From the moment a mother is 20 weeks pregnant, the auditory system of the developing child begins to take shape. During this time, the baby starts to perceive some external sounds.

Typically, parents engage in simple communication with their unborn child or partake in prenatal activities. However, the sounds the baby can hear at this stage are limited, mostly consisting of low-frequency sounds.


Around 40 weeks, the auditory system further develops, allowing the fetus to hear more sounds. Interestingly, due to increased contact with the mother in the womb, the baby can recognize the mother's voice shortly after birth. However, it takes a few weeks for the baby to identify the father's voice, highlighting that hearing is a learned behavior that evolves over time.

As time progresses, our nervous system matures, facilitating the transmission of more signals from the ears to the brain. Ears start acquiring new skills: recognizing sound direction, tolerating noise, listening in noisy environments, participating in conversations, and keeping up with fast-paced dialogues. These listening skills continue to develop until around the age of 12.

Starting from this stage, our learning ability, memory storage, and auditory skills continue to evolve, indicating that hearing is a continuous development process before aging sets in.

However, development is not perpetual. Around the age of 50, some people naturally experience a decline in hearing. By the age of 60, approximately one-third of the population encounters hearing loss. By the age of 75, most people experience some degree of hearing impairment, gradually losing some auditory capabilities and sound memories.


Typically, young and middle-aged individuals who don't notice hearing issues in their daily lives don't need regular hearing checks. However, two groups are advised to undergo hearing checks:

Individuals over 50 years old

Hearing is a lifelong gift, but around the age of 50, it may start to decline. By the age of 60, approximately one-third of people experience hearing loss, and by 75, most have some degree of hearing impairment. This is because various organs in the body, including the auditory organs in the ears and even the auditory centers in the brain, start aging. The result is that it becomes more challenging to hear softer sounds or understand them clearly.

Therefore, individuals over 50 are recommended to undergo annual hearing checks for early detection and diagnosis.

Age-Related Hearing Loss: Unable to Hear High-Pitched Sounds

Understanding words becomes difficult at the initial stage of hearing loss. The affected individual can generally hear sounds but struggles to discern words, especially in environments with significant background noise, such as restaurants. They may unconsciously speak louder than usual.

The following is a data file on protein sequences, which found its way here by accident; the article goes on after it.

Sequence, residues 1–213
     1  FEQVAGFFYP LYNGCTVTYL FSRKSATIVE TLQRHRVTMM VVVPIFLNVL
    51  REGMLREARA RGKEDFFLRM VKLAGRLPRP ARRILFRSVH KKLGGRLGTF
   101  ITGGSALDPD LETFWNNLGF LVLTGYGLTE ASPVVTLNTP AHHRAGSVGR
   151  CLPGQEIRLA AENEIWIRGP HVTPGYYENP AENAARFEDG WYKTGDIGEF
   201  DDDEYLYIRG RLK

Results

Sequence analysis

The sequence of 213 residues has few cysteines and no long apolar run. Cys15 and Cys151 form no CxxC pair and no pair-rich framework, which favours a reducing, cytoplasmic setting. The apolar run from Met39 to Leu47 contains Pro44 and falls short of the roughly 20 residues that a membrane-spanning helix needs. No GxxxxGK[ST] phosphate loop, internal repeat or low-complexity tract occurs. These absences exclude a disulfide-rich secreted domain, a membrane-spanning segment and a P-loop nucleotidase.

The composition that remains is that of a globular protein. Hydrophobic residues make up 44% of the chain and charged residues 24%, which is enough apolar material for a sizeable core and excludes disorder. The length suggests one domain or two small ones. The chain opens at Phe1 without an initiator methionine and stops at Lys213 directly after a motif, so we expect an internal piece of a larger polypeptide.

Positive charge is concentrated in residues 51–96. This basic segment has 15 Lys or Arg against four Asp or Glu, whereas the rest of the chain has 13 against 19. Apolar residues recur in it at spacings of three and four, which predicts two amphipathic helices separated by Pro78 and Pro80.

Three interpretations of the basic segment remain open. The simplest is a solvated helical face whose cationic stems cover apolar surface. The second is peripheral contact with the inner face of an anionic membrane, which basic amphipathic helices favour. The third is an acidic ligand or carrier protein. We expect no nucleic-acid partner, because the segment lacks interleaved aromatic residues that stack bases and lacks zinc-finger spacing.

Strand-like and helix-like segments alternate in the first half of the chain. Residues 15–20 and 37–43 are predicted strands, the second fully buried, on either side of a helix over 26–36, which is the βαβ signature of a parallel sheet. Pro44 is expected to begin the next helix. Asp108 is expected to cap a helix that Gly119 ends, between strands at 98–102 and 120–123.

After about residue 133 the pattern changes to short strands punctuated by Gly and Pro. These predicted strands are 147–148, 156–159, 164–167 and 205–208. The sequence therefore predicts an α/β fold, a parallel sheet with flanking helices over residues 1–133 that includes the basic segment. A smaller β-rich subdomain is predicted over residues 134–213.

The presence of ringing in the ears (tinnitus) and an inability to hear high-pitched sounds may also indicate age-related hearing loss.

When Should I Seek an Ear Exam?

If you experience the following, you should consider getting an ear examination:

  • Frequently asking others to repeat themselves.
  • Increasing the volume of the television beyond your usual level.
  • Missing parts of conversations regularly.
  • Experiencing ringing in the ears (tinnitus).
  • People telling you that you speak too loudly.

Can Age-Related Hearing Loss be Reversed? Is it Treatable?

Age-related hearing loss cannot be reversed because it results from the degeneration of sensory cells due to aging. However, it can be effectively treated with the use of hearing aids and other communication devices.

How Can I Prevent or Delay Age-Related Hearing Loss?

Take care of your ears and practice ear and hearing care, including:

  • Protecting your ears from excessively loud noises.
  • Avoiding inserting anything into your ears or using any liquids unless prescribed by a healthcare professional.
  • Seeking immediate medical attention if you experience ear pain or discharge.
  • Maintaining a healthy diet and regular exercise to prevent diseases like hypertension and diabetes, which can lead to hearing loss.
  • Avoiding smoking.

My parents have hearing loss. What should I consider when talking to them?

When speaking to someone with hearing loss, ensure that:

  • You face them while talking.
  • Your face is not in shadow or backlight.
  • You don't have anything in your mouth while speaking.
  • Your speech is clear but not overly loud.
  • You minimize background noise, such as turning off the TV or radio.

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